Well. I’m not a poet, I’m just a woman. And as a woman I have no way to make money, not enough to earn a living and support my family. Even if I had my own money, which I don’t, it would belong to my husband the minute we were married. If we had children they would belong to him not me. They would be his property. So don’t sit there and tell me that marriage isn’t an economic proposition, because it is. It may not be for you but it most certainly is for me.
It was in this version that I began to see Amy as a reconciliation of Meg and Jo. Whereas Meg put aside her acting for the domestic life and Jo put aside her domestic life for her writing, Amy was the woman “trying to have it all” – the original Liz Lemon. I love the Austen-esque awareness of the nature of marriage for her time. She knew she could not make her way with painting and, painting or not, the necessary marriage would be an economic proposition (mercenary, as Jo describes).
I think this speech by Amy was the lightbulb moment in the story. It set everything else in perspective, much of which Frankie does an excellent job describing in the thread. The ambiguity and juxtaposition of Jo’s endings; Meg’s outlook before and after marriage; the evolution of Laurie’s character to someone who, in this version, does truly love Amy and proposes marriage for a reason other than, ‘Because Jo said no, Meg got married, and Beth is gone’.
Thanks to Gerwig and her company (and Frankie), I see the March sisters at the beginning of the story with the same eyes as before, the same eyes with which Laurie sees them, but now I see their story as less a literal matter of “to marry or not to marry” and more about their struggle against losing that identity (or, in Laurie’s case, of having never had it).
Even in Meg’s wedding, an event she loves to a man she loves and continues to love, she indicates as much to Jo:
Jo March: You will be bored of him in two years and we will be interesting forever.
Meg March: Just because my dreams are not the same as yours doesn’t mean they’re unimportant. I want a family and a home and I’m not scared of working and struggling, but I want to do it with John.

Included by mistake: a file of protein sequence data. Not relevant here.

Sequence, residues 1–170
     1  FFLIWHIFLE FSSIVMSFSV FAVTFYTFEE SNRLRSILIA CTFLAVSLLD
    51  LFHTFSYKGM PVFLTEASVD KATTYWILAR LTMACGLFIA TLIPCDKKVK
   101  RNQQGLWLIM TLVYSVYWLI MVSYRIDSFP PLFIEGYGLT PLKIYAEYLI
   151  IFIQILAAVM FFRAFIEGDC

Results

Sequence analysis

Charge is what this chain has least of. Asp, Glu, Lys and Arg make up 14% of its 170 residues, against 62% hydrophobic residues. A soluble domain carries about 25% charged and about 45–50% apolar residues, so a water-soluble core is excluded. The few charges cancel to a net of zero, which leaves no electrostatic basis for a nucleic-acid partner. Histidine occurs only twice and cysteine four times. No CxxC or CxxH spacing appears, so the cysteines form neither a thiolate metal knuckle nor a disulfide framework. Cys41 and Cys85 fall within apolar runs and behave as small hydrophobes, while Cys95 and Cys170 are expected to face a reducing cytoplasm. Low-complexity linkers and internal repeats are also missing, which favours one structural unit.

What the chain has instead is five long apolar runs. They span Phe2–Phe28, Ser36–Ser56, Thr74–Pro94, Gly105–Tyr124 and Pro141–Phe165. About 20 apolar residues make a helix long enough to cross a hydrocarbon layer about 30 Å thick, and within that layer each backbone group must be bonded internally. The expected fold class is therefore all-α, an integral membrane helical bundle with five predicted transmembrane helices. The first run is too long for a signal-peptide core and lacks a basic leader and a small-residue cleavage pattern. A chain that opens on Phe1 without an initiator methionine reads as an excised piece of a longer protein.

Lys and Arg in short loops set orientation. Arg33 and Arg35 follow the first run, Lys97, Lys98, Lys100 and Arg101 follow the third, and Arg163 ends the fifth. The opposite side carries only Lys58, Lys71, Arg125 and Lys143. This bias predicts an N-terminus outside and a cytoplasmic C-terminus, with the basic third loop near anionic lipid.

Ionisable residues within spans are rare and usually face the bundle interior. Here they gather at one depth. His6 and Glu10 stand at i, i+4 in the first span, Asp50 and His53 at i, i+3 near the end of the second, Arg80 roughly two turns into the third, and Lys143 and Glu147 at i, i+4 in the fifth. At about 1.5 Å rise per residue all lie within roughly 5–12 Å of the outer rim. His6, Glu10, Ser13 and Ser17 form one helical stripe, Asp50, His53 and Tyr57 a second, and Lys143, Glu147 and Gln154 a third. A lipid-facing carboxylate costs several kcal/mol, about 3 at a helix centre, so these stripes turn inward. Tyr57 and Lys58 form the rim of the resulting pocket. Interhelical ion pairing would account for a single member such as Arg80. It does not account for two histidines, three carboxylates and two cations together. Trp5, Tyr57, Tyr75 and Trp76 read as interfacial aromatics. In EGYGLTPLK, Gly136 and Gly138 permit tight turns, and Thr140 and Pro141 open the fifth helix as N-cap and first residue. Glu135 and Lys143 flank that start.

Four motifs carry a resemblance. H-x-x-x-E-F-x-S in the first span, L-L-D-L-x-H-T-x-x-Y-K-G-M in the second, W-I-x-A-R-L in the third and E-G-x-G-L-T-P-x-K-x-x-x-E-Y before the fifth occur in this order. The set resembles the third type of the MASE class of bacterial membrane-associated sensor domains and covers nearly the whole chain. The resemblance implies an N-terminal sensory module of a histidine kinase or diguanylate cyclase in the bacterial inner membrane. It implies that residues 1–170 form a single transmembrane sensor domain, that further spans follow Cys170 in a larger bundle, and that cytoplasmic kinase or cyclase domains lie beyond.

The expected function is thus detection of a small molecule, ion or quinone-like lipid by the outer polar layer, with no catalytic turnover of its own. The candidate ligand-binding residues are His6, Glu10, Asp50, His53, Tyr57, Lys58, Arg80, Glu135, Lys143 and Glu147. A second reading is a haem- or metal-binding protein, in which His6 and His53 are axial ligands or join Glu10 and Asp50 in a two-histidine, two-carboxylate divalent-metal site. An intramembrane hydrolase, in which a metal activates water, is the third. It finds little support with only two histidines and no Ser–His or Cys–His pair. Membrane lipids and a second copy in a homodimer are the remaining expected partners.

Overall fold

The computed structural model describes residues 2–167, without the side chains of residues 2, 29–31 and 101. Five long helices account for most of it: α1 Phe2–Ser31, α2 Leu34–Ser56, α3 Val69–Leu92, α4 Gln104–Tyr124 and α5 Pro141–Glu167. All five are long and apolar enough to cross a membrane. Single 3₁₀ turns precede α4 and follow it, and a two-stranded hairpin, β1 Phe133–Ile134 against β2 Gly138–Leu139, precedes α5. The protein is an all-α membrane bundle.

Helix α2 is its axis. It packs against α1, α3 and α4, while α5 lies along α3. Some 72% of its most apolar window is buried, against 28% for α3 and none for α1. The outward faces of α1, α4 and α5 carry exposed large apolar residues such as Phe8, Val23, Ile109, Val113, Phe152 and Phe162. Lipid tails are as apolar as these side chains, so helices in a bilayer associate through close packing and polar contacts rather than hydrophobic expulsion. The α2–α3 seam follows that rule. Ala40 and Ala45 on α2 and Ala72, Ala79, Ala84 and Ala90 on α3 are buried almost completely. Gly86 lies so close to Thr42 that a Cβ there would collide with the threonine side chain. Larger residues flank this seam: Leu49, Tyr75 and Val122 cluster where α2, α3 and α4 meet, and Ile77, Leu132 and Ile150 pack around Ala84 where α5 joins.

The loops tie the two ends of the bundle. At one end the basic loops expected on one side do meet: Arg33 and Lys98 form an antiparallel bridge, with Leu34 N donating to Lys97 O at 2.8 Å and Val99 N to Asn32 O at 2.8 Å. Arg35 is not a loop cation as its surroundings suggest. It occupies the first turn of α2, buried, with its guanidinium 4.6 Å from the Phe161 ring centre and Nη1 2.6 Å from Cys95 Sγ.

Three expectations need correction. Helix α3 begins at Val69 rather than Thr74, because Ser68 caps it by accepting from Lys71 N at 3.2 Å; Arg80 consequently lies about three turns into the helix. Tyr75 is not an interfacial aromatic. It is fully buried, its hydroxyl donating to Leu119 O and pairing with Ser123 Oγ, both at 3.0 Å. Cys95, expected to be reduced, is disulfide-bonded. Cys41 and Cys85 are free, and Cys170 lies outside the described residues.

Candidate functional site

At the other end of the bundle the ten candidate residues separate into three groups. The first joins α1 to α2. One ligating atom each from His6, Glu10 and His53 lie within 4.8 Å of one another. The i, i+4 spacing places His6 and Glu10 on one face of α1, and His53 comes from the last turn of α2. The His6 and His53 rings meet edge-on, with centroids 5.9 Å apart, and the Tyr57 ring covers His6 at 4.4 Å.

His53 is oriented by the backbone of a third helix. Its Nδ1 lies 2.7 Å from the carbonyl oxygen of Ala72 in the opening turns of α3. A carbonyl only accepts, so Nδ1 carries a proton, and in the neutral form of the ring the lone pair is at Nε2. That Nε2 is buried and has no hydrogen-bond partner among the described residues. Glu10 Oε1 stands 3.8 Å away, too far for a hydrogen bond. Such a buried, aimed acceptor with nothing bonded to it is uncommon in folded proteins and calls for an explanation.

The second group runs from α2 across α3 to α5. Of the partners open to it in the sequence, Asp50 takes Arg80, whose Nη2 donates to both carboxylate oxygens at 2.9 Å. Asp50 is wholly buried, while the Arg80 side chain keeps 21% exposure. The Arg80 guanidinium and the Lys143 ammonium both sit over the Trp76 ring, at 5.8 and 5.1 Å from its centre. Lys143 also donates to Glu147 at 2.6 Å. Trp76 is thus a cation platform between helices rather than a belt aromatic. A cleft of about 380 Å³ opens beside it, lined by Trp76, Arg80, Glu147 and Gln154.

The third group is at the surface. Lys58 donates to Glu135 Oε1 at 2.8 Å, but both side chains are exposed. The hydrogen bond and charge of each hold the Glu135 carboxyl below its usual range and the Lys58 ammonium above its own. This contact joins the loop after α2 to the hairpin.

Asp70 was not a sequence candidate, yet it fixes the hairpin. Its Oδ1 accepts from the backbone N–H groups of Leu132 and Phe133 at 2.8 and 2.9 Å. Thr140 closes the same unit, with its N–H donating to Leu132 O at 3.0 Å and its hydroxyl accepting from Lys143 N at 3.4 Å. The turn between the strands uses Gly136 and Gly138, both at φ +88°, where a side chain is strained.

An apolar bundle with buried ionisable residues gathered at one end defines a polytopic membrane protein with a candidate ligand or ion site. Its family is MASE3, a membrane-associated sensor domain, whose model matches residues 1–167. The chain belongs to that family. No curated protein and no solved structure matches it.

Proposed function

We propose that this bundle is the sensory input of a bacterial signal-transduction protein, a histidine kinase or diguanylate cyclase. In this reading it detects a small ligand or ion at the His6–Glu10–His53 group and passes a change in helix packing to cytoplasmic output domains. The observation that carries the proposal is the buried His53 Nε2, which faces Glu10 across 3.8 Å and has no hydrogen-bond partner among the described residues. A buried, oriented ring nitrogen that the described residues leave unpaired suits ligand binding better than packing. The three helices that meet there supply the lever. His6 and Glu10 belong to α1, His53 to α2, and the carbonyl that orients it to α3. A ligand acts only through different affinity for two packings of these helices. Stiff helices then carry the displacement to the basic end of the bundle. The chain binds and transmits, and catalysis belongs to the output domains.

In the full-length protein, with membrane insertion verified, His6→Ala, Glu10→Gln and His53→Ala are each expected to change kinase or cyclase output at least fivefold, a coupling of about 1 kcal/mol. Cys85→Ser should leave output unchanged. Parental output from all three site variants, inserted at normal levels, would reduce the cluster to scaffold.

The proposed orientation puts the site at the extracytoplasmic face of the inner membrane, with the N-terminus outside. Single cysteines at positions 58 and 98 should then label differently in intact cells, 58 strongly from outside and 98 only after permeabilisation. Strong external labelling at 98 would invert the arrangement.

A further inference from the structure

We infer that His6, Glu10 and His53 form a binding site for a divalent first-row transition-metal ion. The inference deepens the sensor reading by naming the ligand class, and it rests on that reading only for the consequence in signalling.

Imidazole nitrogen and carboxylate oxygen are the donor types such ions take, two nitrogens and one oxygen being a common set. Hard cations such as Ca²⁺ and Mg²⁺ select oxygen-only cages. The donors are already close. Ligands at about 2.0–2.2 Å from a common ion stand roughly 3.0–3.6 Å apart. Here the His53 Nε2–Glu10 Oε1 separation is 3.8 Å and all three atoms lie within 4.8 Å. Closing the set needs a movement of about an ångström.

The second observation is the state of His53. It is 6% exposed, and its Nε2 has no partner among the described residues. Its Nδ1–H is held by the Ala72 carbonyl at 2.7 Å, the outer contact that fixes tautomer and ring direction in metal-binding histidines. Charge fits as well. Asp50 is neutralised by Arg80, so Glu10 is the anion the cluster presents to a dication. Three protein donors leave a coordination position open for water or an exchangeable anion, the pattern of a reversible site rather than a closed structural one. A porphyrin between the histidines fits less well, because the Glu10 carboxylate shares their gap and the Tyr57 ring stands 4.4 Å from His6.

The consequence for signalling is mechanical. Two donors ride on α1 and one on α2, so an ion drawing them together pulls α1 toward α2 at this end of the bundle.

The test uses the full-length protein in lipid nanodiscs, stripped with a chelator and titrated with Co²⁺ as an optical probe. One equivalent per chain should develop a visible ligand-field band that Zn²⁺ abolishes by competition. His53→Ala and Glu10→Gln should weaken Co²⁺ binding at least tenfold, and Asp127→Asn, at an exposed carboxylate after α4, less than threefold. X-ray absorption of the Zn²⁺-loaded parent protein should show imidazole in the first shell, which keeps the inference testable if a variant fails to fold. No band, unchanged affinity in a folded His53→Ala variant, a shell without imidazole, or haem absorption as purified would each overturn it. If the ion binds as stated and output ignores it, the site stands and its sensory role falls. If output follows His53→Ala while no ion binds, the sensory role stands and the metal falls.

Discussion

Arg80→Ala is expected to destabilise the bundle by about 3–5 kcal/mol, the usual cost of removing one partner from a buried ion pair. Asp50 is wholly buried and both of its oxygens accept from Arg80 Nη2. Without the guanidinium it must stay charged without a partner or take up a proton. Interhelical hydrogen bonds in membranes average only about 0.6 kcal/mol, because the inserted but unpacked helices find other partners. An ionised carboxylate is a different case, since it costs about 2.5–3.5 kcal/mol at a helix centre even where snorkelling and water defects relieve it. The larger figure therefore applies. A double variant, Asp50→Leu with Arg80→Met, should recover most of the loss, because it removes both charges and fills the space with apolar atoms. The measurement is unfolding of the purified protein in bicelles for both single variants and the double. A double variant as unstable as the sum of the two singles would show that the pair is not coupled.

Jo March: I just hate that you’re leaving me.
Meg March: Oh, Jo, I’m not leaving you. Besides, one day it will be your turn.
Jo March: I’d rather be a free spinster and paddle my own canoe. I can’t believe childhood is over.
Meg March: It was going to end one way or another. And what a happy end.
Meg states her acceptance of it ending. She does not view her marriage as the continuation of their happy times together. They will be together as sisters, but it will not be the same and never could remain that way. They all know it. We see that in Amy’s speech to Laurie. We see it in the whole of Jo’s character, rebelling against it. We see it even in Marmie’s character and her relationship with Mr. March.
Once seen, I could not help but seeing the theme everywhere in the story.
The discussion about Beth’s health:
Beth March: It’s like the tide going out. It goes out slowly, but it can’t be stopped.
Jo March: I’ll stop it. I’ve stopped it before.
Jo’s general statement about women:
Women, they have minds, and they have souls, as well as just hearts. And they’ve got ambition, and they’ve got talent, as well as just beauty. I’m so sick of people saying that love is just all a woman is fit for.
They found the apex of joy in life with one another and knew it must come to an end. This itself is not the tragedy, there is little story in that. The story is in how they struggle to move forward. They are not imperfect creatures fighting towards perfection; they are perfect beings struggling against the inevitable onset of imperfection. Their struggle is, as Mr. March writes:
I know they will be loving children to you, do their duty faithfully, fight their enemies bravely and conquer themselves so beautifully… that when I come back to them I may be fonder and prouder than ever of my little women.
That is why the story found its staying power. Yes, there is importance in the matters of young women and domestic life – particularly for a writer in attempting to find ways to convey that importance as Alcott, Jo, and Gerwig all did – but more broadly in this sense of identity and expectation. The story speaks to something basic and visceral and universal in us.
What Gerwig did with the material is brilliant and may go down as the greatest film adaptation of the novel ever.
Certainly worth the Best Film nod and various acting awards (Saoirse Ronan and Florence Pugh) that it received, and deserving of the Best Director nod that it did not.